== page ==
The Vicissitudes of Bessie Fairfax eBook

This eBook from the Gutenberg Project consists of approximately 562 pages of information about The Vicissitudes of Bessie Fairfax.
easy—­perhaps expecting the time when they would be loosed.  His conjectures for a reason why were grounded on the confidential propensities of women, and the probability that Mrs. Stokes, during their long tete-a-tete that day, had divulged the plots for her wooing and wedding.  How far wide of the mark these conjectures were he would learn by and by.  Meanwhile, as the effect of the unknown magic was to make her gayer, more confident, and more interested in passing events, he was well pleased.  His preference was for sweet acquiescence in women, but, for an exception, he liked his granddaughter best when she was least afraid of him.



Mr. Cecil Burleigh met Bessie Fairfax again with a courteous vivacity and an air of intimate acquaintance.  If he was not very glad to see her he affected gladness well, and Bessie’s vivid blushes were all the welcome that was necessary to delude the witnesses into a belief that they already understood one another.  He was perfectly satisfied himself, and his sister Mary, who worshipped him, thought Bessie sweetly modest and pretty.  And her mind was at peace for the results.

There was a dinner-party at Abbotsmead that evening.  Colonel and Mrs. Stokes came, and Mr. Forbes and his mother, who lived with him (for he was unmarried), a most agreeable old lady.  It was much like other dinner-parties in the country.  The guests were all of one mind on politics and the paramount importance of the landed interest, which gave a delightful unanimity to the conversation.  The table was round, so that Miss Fairfax did not appear conspicuous as the lady of the house, but she was not for that the less critically observed.  Happily, she was unconscious of the ordeal she underwent.  She looked lovely in the face, but her dress was not the elaborate dress of the other ladies; it was still her prize-day white muslin, high to the throat and long to the wrists, with a red rose in her belt, and an antique Normandy gold cross for her sole ornament.  The cross was a gift from Madame Fournier.  Mr. Cecil Burleigh, being seated next to her, was most condescending in his efforts to be entertaining, and Bessie was not quite so uneasy under his affability as she had been on board the yacht.  Mrs. Stokes, who had heard much of the Tory candidate, but now met him for the first time, regarded him with awe, impressed by his distinguished air and fine manners.  But Bessie was more diffident than impressed.  She did not talk much; everybody else was so willing to talk that it was enough for her to look charming.  Once or twice her grandfather glanced towards her, wishing to hear her voice—­which was a most tunable voice—­in reply to her magnificent neighbor, but Bessie sat in beaming, beautiful silence, lending him her ears, and at intervals giving him a monosyllabic reply.  She might certainly have done worse.  She might have spoken foolishly, or she might have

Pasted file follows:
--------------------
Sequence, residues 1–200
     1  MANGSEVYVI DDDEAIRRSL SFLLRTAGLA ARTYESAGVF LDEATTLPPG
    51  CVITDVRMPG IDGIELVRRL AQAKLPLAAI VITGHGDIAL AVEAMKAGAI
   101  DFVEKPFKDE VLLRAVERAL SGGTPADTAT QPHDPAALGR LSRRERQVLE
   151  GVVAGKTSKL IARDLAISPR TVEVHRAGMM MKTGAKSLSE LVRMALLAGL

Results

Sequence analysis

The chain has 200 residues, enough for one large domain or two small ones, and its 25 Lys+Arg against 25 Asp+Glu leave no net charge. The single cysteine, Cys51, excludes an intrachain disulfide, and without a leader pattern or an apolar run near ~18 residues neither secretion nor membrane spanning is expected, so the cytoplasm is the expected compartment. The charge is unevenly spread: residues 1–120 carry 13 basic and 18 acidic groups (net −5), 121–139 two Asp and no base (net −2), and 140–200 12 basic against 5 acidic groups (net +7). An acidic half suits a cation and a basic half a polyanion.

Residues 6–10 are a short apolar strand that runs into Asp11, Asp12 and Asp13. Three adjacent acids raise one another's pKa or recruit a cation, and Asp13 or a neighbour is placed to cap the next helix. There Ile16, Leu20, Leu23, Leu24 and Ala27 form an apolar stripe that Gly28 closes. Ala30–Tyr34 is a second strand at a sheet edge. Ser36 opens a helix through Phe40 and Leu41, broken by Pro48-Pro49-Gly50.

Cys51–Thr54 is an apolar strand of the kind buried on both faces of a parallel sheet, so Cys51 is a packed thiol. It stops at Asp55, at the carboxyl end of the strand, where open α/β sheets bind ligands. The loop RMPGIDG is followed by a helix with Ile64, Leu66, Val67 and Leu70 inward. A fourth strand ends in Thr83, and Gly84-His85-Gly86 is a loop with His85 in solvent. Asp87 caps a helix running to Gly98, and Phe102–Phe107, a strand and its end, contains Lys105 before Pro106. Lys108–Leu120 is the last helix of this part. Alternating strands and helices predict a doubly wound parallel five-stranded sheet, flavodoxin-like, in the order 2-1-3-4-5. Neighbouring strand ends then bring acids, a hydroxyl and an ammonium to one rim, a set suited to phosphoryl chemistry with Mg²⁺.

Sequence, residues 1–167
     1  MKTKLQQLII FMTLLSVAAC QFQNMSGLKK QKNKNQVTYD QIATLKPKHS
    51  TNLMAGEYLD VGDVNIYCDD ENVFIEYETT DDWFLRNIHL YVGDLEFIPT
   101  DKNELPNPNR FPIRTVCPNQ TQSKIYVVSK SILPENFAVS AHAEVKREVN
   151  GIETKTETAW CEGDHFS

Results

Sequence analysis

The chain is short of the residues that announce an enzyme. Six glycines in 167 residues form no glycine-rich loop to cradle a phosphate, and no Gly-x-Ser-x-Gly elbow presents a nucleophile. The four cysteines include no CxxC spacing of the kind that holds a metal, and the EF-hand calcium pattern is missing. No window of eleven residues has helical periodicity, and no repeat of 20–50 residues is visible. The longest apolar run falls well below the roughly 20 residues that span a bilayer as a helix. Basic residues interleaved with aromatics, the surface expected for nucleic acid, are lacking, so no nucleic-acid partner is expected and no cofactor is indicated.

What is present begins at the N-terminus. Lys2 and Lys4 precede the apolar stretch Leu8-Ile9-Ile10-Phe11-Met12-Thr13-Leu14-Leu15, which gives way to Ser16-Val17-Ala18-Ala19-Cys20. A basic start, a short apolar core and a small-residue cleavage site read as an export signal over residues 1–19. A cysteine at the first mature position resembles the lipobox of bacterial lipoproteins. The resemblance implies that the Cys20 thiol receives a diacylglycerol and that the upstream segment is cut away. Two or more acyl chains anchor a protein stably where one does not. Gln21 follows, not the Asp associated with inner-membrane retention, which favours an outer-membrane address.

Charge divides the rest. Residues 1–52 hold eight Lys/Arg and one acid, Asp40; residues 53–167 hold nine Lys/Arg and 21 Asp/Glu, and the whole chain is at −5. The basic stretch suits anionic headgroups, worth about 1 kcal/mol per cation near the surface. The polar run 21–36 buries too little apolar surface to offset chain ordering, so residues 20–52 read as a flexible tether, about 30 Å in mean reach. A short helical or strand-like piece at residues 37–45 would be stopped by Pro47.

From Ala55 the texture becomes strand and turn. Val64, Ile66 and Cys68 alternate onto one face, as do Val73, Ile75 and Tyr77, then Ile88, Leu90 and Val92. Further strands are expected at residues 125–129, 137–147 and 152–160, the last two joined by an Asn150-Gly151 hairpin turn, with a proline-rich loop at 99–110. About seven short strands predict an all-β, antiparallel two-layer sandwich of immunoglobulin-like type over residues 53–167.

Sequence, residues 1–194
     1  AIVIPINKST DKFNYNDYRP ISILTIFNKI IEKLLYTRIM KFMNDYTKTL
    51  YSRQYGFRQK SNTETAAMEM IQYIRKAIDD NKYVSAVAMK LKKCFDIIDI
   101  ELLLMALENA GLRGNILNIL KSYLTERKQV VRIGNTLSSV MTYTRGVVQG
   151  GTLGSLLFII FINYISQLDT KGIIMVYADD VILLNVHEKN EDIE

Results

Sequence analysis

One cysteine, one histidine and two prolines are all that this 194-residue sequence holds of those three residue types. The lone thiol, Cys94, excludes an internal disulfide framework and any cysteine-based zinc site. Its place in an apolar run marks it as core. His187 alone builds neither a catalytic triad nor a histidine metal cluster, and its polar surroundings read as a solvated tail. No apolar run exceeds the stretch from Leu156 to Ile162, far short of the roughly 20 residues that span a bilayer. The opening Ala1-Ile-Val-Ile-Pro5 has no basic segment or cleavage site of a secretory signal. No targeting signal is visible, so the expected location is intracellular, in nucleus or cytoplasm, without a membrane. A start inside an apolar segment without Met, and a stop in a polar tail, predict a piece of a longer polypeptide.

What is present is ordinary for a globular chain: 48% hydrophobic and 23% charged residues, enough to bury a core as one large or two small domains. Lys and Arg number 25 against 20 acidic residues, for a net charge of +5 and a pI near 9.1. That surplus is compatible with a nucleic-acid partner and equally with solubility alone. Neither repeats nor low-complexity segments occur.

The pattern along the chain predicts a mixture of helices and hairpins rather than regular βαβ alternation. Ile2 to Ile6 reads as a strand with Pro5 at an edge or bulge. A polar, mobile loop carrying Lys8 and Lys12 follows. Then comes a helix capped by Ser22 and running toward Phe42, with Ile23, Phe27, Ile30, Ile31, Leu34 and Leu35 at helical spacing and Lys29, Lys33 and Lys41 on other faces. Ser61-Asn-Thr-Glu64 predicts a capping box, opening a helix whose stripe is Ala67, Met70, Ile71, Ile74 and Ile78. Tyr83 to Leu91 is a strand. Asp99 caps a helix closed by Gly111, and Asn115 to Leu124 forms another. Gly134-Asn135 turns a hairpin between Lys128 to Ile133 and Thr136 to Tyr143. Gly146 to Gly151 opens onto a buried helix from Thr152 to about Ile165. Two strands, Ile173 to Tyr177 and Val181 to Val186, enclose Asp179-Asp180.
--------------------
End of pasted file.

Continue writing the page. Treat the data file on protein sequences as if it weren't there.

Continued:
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The Vicissitudes of Bessie Fairfax from Project Gutenberg. Public domain.
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